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China May Become Top Wheat Importer after Crops Ruined

By Niu Shuping and Naveen Thukral WU LIU, China/SINGAPORE (Reuters) - China's wheat crop has suffered more severely than previously thought from frost in the growing period and rain during the harvest, and import demand to compensate for the damage could see the country eclipse Egypt as the world's top buyer.

By Niu Shuping and Naveen Thukral

WU LIU, China/SINGAPORE (Reuters) - China's wheat crop has suffered more severely than previously thought from frost in the growing period and rain during the harvest, and import demand to compensate for the damage could see the country eclipse Egypt as the world's top buyer.

Interviews with farmers and new estimates from analysts have revealed weather damage in China's northern grain belt could have made as much as 20 million metric tons (22.05 million tons) of the wheat crop, or 16 percent, unfit for human consumption. That would be double the volume previously reported as damaged.

Higher imports, which have already been revised upwards on initial damage reports, will further shrink global supplies and support prices, fuelling new worries over global food security.

The U.S. Department of Agriculture on Thursday raised its forecast for China's imports in 2013/14 to 8.5 million metric tons from 3.2 million metric tons in the previous year, prompting U.S. wheat prices to rally to more than two-week highs.

But overseas traders and analysts estimate imports could rise above 10 million metric tons, surpassing the 9 million metric tons the world's biggest buyer Egypt is expected to buy.

Competition from China for more imports would force other buyers, such as Egypt, to pay more for grains, in a new blow for the Middle East country after two years of political turmoil has left it struggling for funds to pay for food imports.

In China's top wheat producing province of Henan, farmers visited by Reuters said kernels shrunk because of the frost early this year followed by more damage with grains germinating due to the rainstorms in May. Henan is in the northern grain belt, which accounts for about half of China's output.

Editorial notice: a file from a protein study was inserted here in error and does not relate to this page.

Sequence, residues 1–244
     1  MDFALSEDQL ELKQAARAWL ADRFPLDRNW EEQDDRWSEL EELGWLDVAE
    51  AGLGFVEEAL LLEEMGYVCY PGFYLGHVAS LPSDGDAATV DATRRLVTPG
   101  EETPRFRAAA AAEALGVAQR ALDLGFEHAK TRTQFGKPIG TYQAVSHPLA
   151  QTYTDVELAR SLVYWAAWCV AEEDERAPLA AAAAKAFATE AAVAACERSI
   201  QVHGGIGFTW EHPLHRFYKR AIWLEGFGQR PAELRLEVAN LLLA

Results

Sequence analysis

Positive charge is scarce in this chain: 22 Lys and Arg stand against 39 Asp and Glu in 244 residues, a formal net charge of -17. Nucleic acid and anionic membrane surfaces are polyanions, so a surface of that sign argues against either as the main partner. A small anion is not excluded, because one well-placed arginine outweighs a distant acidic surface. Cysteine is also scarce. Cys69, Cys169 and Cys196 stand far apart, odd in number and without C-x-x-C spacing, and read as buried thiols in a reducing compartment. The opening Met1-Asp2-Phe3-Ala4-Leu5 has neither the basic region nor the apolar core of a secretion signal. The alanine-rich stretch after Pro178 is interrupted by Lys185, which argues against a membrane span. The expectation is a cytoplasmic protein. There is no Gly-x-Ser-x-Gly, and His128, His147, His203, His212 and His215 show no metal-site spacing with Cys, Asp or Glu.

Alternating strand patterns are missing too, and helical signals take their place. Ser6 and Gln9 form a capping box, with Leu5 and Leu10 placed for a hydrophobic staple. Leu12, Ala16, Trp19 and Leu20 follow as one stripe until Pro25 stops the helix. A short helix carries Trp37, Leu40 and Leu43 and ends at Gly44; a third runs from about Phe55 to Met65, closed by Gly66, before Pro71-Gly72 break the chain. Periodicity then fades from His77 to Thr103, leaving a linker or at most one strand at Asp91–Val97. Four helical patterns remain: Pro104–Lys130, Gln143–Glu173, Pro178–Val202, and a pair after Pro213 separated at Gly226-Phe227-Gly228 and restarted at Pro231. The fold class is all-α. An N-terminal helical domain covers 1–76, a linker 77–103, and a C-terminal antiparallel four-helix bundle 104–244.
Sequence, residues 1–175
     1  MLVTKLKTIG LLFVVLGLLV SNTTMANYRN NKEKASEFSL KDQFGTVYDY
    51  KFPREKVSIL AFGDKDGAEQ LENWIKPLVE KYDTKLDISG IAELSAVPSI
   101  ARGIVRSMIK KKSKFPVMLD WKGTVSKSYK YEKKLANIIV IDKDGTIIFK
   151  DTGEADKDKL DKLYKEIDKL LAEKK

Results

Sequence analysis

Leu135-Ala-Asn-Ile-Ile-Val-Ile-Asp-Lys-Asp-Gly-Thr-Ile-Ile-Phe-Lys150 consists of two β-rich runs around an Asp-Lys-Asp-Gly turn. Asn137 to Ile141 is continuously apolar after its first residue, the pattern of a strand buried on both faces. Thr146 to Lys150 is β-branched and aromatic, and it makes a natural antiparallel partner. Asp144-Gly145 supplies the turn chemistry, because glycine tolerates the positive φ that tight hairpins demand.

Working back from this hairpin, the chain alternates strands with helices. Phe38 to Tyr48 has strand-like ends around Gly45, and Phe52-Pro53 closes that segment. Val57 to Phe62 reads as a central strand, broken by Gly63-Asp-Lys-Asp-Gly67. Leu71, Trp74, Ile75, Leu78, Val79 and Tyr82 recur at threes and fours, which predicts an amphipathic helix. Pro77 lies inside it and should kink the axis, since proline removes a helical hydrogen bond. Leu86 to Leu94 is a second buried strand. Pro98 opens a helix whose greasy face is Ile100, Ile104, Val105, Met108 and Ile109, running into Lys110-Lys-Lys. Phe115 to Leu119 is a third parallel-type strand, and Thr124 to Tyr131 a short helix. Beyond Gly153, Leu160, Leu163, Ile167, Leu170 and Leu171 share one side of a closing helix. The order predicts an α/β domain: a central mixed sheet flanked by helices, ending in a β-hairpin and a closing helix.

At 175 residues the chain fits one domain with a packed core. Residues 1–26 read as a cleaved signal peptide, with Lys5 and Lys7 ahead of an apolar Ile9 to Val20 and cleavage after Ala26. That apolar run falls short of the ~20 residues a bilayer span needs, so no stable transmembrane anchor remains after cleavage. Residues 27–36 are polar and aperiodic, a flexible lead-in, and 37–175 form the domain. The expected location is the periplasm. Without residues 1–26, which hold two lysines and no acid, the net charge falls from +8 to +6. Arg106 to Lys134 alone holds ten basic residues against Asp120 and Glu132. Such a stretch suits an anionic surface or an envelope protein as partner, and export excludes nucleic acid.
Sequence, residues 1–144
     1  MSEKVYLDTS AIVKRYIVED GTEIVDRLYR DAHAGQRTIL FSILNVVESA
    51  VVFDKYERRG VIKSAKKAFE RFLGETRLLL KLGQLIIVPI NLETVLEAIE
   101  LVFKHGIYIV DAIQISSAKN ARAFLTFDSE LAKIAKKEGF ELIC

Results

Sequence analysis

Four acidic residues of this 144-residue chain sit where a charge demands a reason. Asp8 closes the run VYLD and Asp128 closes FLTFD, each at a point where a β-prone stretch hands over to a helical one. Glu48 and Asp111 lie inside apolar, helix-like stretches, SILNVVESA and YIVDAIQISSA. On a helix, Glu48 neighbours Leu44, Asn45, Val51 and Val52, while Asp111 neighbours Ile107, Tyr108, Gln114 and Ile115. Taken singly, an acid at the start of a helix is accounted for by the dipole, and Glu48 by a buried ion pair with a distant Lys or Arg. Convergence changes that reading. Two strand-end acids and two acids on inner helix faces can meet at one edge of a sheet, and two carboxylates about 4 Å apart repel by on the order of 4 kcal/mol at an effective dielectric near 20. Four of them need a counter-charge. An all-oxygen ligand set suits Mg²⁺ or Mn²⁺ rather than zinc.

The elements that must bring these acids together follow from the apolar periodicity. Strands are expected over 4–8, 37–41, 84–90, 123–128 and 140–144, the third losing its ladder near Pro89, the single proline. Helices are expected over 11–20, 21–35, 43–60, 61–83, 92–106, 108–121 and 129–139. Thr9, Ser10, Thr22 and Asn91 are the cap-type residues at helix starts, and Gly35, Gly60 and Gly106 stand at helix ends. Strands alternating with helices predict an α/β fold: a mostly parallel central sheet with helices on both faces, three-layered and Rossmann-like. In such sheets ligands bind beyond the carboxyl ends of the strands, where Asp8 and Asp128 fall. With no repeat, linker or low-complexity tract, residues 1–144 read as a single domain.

"The kernels this year are half their normal sizes," said Feng Ling, a 55-year old farmer in Xuchang, central Henan, where some growers have seen their production slashed by 40 percent from year ago. "The harvest was terrible."

China has already booked around 3 million metric tons of wheat for shipment in the year to June 2014, nearing last year's purchases.

That would be the biggest volume imported since the near 10 million metric tons China booked in 2003/2004 after a sharp decrease in the domestic harvest. In a normal year, China accounts for about a fifth of global wheat production and consumption.

"We expect between 15 to 20 million metric tons of wheat will be downgraded to use for animal feed, which will reduce wheat supply for milling purpose," said Li Qiang, chief analyst at agricultural consultancy, the Shanghai JC Intelligence.

The crop damage across large swathes of China's farmland is adding to concerns over global food supplies after unfavorable weather in top wheat exporters the United States and the Black Sea region resulted in quality downgrades.

"The end users have been very relaxed about the wheat supply outlook," said Abah Ofon, a commodities analyst at Standard Chartered Bank in Singapore.

"But as the season is unfolding we are seeing bumps emerge. The market now has to readjust based on the new fundamentals which suggest the demand is going to be more than what the market was expecting."

Global output is expected to rise this year from last, but will still be below demand and leave the world with the lowest wheat stocks since 2008/09.